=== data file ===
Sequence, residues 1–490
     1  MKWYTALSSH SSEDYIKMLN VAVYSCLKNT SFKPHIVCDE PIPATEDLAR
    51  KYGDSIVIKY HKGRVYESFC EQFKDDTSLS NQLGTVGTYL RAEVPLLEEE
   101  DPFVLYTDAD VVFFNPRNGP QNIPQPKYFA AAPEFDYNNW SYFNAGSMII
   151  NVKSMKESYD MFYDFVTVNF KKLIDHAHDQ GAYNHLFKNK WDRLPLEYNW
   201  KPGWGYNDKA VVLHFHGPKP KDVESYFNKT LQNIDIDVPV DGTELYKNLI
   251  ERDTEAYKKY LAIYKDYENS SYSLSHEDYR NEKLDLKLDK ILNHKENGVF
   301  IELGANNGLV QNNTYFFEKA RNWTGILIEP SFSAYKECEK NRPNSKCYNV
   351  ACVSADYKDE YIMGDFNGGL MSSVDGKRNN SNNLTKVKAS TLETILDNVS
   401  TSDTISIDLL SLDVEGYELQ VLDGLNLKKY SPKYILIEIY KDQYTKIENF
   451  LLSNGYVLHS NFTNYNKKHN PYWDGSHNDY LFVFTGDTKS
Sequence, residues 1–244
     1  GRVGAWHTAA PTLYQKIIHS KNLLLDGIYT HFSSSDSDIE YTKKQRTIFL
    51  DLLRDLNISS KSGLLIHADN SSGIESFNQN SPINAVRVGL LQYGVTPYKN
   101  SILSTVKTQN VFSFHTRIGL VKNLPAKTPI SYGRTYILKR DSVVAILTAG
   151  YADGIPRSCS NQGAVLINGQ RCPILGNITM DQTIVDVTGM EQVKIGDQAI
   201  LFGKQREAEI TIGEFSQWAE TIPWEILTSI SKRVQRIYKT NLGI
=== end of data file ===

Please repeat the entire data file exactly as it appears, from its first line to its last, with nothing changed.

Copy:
Sequence, residues 1–490
     1  MKWYTALSSH SSEDYIKMLN VAVYSCLKNT SFKPHIVCDE PIPATEDLAR
    51  KYGDSIVIKY HKGRVYESFC EQFKDDTSLS NQLGTVGTYL RAEVPLLEEE
   101  DPFVLYTDAD VVFFNPRNGP QNIPQPKYFA AAPEFDYNNW SYFNAGSMII
   151  NVKSMKESYD MFYDFVTVNF KKLIDHAHDQ GAYNHLFKNK WDRLPLEYNW
   201  KPGWGYNDKA VVLHFHGPKP KDVESYFNKT LQNIDIDVPV DGTELYKNLI
   251  ERDTEAYKKY LAIYKDYENS SYSLSHEDYR NEKLDLKLDK ILNHKENGVF
   301  IELGANNGLV QNNTYFFEKA RNWTGILIEP SFSAYKECEK NRPNSKCYNV
   351  ACVSADYKDE YIMGDFNGGL MSSVDGKRNN SNNLTKVKAS TLETILDNVS
   401  TSDTISIDLL SLDVEGYELQ VLDGLNLKKY SPKYILIEIY KDQYTKIENF
   451  LLSNGYVLHS NFTNYNKKHN PYWDGSHNDY LFVFTGDTKS
Sequence, residues 1–244
     1  GRVGAWHTAA PTLYQKIIHS KNLLLDGIYT HFSSSDSDIE YTKKQRTIFL
    51  DLLRDLNISS KSGLLIHADN SSGIESFNQN SPINAVRVGL LQYGVTPYKN
   101  SILSTVKTQN VFSFHTRIGL VKNLPAKTPI SYGRTYILKR DSVVAILTAG
   151  YADGIPRSCS NQGAVLINGQ RCPILGNITM DQTIVDVTGM EQVKIGDQAI
   201  LFGKQREAEI TIGEFSQWAE TIPWEILTSI SKRVQRIYKT NLGI